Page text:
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Please verbalize or
have in mind that you are studying this material as a merit for a specific
single and/or Jewish singles throughout the world.
Telling a father
what was said about his son
- Am I allowed to tell a father what somebody said about his
son if I know that word won’t get back to the son?
- No you may not. Even if the son will not find out what
that individual said about him, the father will harbor resentment towards
the person who spoke derogatorily about his son. It is therefore a
violation of rechilus. The same would be true regarding telling other
relatives about their relatives, since generally people don’t like to hear
negative things about their relatives.
that can cause resentment
- My friend recently had a monetary dispute with someone.
After the matter was adjudicated in Beis Din, I told my friend that I
thought he got the raw end of the deal. I’m wondering if that’s
considered rechilus since I didn’t really tell him anything he didn’t
know, I just stated my opinion.
- Rechilus is defined as bringing hatred upon a fellow Jew.
By telling him that you feel that he wasn’t judged properly, you are
causing him to feel resentment towards the Beis Din. Since you are
causing resentment, even though you haven’t told him anything that he
didn’t already know, you are in violation of rechilus. Additionally,
consider the fact that you only heard one side of the story. Perhaps if
you would have heard the other side as well, your opinion would be
different. If you feel that you are familiar enough with all sides of the
issue and you still maintain your opinion, the proper approach would be to
go to the Beis Din and share with them your thoughts; but certainly not to
involve your friend, since by doing so you are only causing unnecessary
This section is
formatted as a conversation between Oded and Menaseh. Oded is encouraging his
friend Menaseh to be more careful in guarding his tongue from evil speech. The
thoughts in this section are primarily based on the sefer, Shmiras Haloshon.
Oded: I heard a story about a big business man who
separated himself from worldly matters to learn Torah day and night. His
brothers and family members put intense pressure on him to return to his old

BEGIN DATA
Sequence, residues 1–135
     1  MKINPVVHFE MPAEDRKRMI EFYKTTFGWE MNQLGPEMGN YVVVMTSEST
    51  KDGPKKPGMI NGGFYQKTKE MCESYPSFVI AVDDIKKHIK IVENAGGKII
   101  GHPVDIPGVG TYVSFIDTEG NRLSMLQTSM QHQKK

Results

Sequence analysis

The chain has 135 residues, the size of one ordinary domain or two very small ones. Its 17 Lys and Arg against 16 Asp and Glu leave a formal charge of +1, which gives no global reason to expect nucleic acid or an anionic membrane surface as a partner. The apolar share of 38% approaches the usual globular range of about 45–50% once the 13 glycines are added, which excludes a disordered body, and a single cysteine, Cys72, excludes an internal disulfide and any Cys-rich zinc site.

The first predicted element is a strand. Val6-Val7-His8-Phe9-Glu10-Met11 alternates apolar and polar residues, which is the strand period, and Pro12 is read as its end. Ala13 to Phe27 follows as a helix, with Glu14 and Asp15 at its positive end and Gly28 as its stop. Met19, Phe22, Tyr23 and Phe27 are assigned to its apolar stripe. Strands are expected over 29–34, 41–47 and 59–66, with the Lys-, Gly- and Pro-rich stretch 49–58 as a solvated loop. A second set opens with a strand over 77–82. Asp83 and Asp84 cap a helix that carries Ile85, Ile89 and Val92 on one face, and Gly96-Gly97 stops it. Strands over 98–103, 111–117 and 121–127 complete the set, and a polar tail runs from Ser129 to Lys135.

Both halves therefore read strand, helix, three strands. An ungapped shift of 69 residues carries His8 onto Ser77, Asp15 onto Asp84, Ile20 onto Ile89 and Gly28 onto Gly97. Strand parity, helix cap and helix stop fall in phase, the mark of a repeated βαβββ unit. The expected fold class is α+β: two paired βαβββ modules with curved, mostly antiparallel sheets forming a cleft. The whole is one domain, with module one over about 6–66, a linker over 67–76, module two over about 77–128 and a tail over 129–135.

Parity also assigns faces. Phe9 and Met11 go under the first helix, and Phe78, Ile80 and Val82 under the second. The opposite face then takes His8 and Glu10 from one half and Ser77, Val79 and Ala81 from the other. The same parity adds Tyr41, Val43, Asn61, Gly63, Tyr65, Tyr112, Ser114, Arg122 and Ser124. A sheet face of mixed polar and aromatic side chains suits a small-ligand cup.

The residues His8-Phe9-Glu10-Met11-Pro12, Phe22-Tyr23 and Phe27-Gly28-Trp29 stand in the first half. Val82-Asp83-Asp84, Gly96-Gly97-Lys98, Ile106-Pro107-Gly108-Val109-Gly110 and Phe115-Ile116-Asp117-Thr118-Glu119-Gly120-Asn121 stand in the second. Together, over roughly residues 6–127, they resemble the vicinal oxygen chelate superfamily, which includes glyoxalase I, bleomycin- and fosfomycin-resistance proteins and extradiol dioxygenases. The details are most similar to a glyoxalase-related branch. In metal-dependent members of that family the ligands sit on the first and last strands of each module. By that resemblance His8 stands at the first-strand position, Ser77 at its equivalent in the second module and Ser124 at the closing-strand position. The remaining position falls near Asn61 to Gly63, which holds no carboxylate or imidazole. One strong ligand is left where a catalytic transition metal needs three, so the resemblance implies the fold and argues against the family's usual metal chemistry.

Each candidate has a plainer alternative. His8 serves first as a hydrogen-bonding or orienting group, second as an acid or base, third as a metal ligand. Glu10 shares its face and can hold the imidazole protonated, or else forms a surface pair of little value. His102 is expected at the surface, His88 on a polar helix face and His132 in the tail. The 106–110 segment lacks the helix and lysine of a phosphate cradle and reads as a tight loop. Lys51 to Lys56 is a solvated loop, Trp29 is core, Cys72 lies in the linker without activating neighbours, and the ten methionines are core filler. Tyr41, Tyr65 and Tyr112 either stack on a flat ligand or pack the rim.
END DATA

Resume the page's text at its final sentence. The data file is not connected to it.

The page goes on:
ways but he refused buckle. They eventually gave up on him.
Menaseh: How was he able to resist this tremendous
pressure that his family members exerted over him?
Oded: His acquaintances asked him precisely that
question and this was his response: “The Gemora states “The Torah cannot be
sustained except by one who kills himself over it.” What does that mean? It
means that a person must view himself as if he already finished all his
business and his life as well. He was brought up to the heavenly courts to
stand trial before the King of all kings. He emerged guilty of squandering his
time on matters of emptiness. He lets out a cry “woe is to me for all my bad
deeds”. If at that moment he would be granted a chance to come back to the
world and do teshuva, would he not jump at the opportunity and ignore his
business matters? If so, a person should view it as if he already deserved to
die for his sins. Hashem, in his kindness, has granted him an extension to do
teshuva. If after death a person would jump at the opportunity to come back
and repent, certainly if he’s given a chance in his lifetime to do so, he
should seize the opportunity.”
Menaseh: So what’s the bottom line?
Oded: The bottom line is that a person should do
teshuva for his sins and constantly learn Torah; or at least make a set time
for Torah learning and not heed those who try to dissuade him from this.
If you have any
questions regarding these lessons, feel free to contact Rabbi Faivel Adelman by
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1 Sefer Chofetz Chaim Sec. 2 Chap. 3 Par. 3
2 Sefer Chofetz Chaim Sec. 2 Chap. 4 Par. 1
Sefer Shmiras Haloshon Sha’ar HaTorah Chap. 4